I think it's the fifth or sixth times I answered that question only. Frankly, it's a rather good question.

I have a custom set of data that I use in my video game. This data is not attached to a level, a game object or a prefab. It must work on any deployable platform. What should I do?

 

An experienced C# coder would point towards the different .NET library that allows you to save object in a variety of formats, such as XML, Binary, JSon and who know how many others if you start counting open source libraries.

However, depending on which platform you deploy, you may not have full access to .NET, and your open source library may not be compatible with your platform of choice. For example, WebPlayer is not kind with third party dll.

Finally, you'll need to load that data! It's about at that point that you'll find out that System.IO is not accessible from almost all useful platform. (iOS, Android, WebPlayer, 360, PS3 and so on). You can only rely on System.IO if you deploy on Windows, Mac or Linux. (With some restriction on the last two)

So you're kinda stuck! You can save your data, but retrieving it becomes a problem. On top, serialization and deserialization can be annoyingly broken when it starts to collide with Unity's own object initialization.

Luckily, Unity has built-in system that allows to do all that, easily, with a minimum of code. The only downside is, you'll have to use Unity's own file system, which can be a bit rigid sometimes.

First, you'll go read this: http://docs.unity3d.com/Documentation/ScriptReference/AssetDatabase.CreateAsset.html

Basically, it's the function you will use to save native Unity .asset files. The rules of serialization is exactly the same as serialization in a MonoBehaviour. The only difference is, you'll derive from ScriptableObject.

Once properly saved, you'll put your newly created files in the Resources folder. Full blown directory management is often blocked and impossible to use on closed deviced like mobile phones. To counter that situation, Unity build a kind of "Big File" using the content of the Resources folder. A "Big File" is often used in database or in video game. It's a file that contains other files, like the .unitypackage files. It has its own built-in directory system so it doesn't need to rely on the device own path system. Be careful, Unity does not check for any kind of dependency. Everything you put in that folder will be packaged with your game! Don't put stuff in there that you don't need.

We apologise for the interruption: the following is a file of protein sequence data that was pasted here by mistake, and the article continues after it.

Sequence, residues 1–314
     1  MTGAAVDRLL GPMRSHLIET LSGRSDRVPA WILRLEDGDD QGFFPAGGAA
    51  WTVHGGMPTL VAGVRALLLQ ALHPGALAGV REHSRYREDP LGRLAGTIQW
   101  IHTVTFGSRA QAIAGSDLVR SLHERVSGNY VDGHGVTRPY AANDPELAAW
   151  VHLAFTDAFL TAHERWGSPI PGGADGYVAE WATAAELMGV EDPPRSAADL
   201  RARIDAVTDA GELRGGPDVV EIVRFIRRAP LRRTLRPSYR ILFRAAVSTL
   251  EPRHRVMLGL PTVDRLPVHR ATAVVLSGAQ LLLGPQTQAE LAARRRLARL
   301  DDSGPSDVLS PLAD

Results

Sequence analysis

Second, you'll read this: http://docs.unity3d.com/Documentation/ScriptReference/Resources.Load.html

It's the method you'll use to load, at runtime, the files from that "Big File". You may note that everything pass by Unity's .asset files. Unity does not offer alternative format out of the box. Frankly, they don't really need and neither should you.

If for some strange reason you would like your file to be readable and editable in a text editor, the Pro version of Unity allows to save its file in a text readable format.

 

Quick recap on Unity's serialization rules;

  • Public fields are always serializable, unless flagged with the "NonSerializable" attribute.
  • Private fields are never serializaded, unless flagged with the "SerializeField" attribute.
  • Dictionaries, Hashtables or any other kind of hash collection is non-serializable.
  • The serialization entry points are: ScriptableObject, MonoBehaviour.
  • Objects deriving from System.Object are serializable if the class is tagged with the "Serializable" attribute.
  • However, objects deriving from System.Object are not polymorphic. They are always deserialized into the type of the field holding them.

You can read more about it here: http://blogs.unity3d.com/2012/10/25/unity-serialization/

 

In the end, it means you can have an unlimited number of nested structure serializaded without having to do anything. However, you got to be careful about the common Unity's pitfall;

  • You cannot save a ScriptableObject in a prefab. Only GameObject and its components go in there.
  • ScriptableObject exist in a .asset or a level. However, they are not too friendly to duplication when they have cross-references.
  • The non-polymorphic properties of standard object in a .asset means you have to be extra careful when designing your hierarchy.
  • List/Array works like a normal fields, in which they are non-polymorphic when holding System.Object derived objects.

There you go, you can save and load the universe!

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